Along the Tracks

Friday, April 11, 2003
 

How dare you speak of ‘values’


The New York Times’ editorial writers are throwing another hissy fit, this time over Education Secretary Rod Paige’s statement that he’d personally prefer to have a child in a school which teaches values “associated with Christian communities.” For the Times, this is a firing offense.

“The secretary’s blithe avowal is a terrible blow to the Bush administration’s much-touted education initiative,” rails the Times. “The secretary of education needs either to do some fast fence-mending or step down.”

I’m sure at this point you are as confused as I was when I first read this editorial. Why, exactly, does stating one’s trust in Christian values disqualify a person from public service? Why should any reference to, or even proclamation of faith be grounds for a pink slip? The secretary has no authority to break down the “wall” between church and state - and frankly, the majority of Americans would agree that teaching values (Jewish, Christian, Muslim, Buddhist - the faiths are different, but the underlying values are pretty much in line), not as a curriculum item, but as part of the underlying atmosphere of the school, is welcome. I’m not necessarily saying putting the 10 Commandments in every classroom, but most people would agree that building future successful citizens involves general training in respect for others and themselves, i.e., the Golden Rule and its various versions found in almost all cultures. That is what underlies the Christian message, when it comes to “values.”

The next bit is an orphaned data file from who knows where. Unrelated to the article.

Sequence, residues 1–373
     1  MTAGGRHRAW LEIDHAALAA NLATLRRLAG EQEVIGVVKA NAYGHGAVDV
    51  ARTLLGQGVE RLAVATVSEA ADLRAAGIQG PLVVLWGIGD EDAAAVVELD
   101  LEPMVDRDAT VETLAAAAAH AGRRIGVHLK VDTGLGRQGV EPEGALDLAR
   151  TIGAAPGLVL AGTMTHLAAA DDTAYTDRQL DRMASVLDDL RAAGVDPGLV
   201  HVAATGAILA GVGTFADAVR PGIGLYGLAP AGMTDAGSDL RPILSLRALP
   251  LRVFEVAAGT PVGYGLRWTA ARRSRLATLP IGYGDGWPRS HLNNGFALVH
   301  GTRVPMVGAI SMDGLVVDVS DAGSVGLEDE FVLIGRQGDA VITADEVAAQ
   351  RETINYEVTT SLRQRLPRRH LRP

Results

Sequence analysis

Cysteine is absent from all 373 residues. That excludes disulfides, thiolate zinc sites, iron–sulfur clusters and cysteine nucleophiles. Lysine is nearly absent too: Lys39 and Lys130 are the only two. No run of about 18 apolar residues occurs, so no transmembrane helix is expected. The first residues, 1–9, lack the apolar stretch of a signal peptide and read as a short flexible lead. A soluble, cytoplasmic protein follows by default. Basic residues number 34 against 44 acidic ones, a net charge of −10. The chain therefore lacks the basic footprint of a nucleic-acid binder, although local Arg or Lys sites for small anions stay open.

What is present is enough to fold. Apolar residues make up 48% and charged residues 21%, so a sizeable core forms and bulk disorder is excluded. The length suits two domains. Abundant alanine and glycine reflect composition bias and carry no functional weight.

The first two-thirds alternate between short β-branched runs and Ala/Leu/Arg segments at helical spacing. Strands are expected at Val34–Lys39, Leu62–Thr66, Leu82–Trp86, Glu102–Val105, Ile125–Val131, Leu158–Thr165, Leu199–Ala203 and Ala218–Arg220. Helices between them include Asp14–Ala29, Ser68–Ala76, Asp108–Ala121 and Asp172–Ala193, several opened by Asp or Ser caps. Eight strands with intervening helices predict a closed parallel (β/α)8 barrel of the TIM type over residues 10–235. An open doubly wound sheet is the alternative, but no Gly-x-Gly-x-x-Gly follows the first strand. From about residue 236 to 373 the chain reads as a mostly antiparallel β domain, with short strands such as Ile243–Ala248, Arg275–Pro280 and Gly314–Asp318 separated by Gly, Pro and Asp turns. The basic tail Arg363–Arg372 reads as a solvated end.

As Paige points out in the Times-cited interview with the Baptist Press, in many public schools, kids come in with a variety of “values,” which is a diplomatic way of saying no values at all. I’ll state what he didn’t: That is the fault of parents. What Paige was getting at is that he would prefer to see his own child in a school where the Christian community’s values are the base for relationships inside. Frankly, that is exactly what many, if not most, public school students experience, since most communities are fairly homogenous in such basic beliefs - even if their particular brand of faith differs.

Unfortunately, the horrid public school systems of many poor urban areas are run and dominated by outsiders which try to implement their own “values,” which generally come down to moral relativism. Again, although it’s not PC to say it, where there are large numbers of students in moral drift, parents are to blame. But the issue becomes a problem for public schools when the children enter the doors of the building, and at that point, some basic responsibilities for maintaining an orderly social system based on respect is inherited. Many - maybe most - public schools in poor urban areas are failing this by acquiescing to the “different values” of parents who teach no values at all. Who suffers from this failure? The valueless students shoved out into a world where they are suddenly held responsible for their actions.

Another point the Times completely misses is the concept of leadership. Running a department isn’t just about signing papers, hiring staff and working over budgets. It is about vision, direction and goal setting - facets of leadership. One of the ways to display that leadership is to speak out in defense of that larger vision. As I stated earlier, Paige has no power to implement a Christian values program inside public schools, and he never proposed doing so. But he does have the power of persuasion, to bring people to the realization that, to really improve America’s education system, we need to change the social environment of failing schools - not just the curriculum or the teacher-student ratio.

Finally, as a member of the press, one would think the Times would defend a government leader in speaking out on an important subject of debate, even if his views were potentially controversial. Does anyone doubt that if Paige had said all these same things - but he were a Muslim - the Times would have risen to his defense? This aptly demonstrates that, despite the overwrought language pointed at Paige’s statement of values, the Times problem has little to do with the message and much to do with the brand of faith Paige holds.


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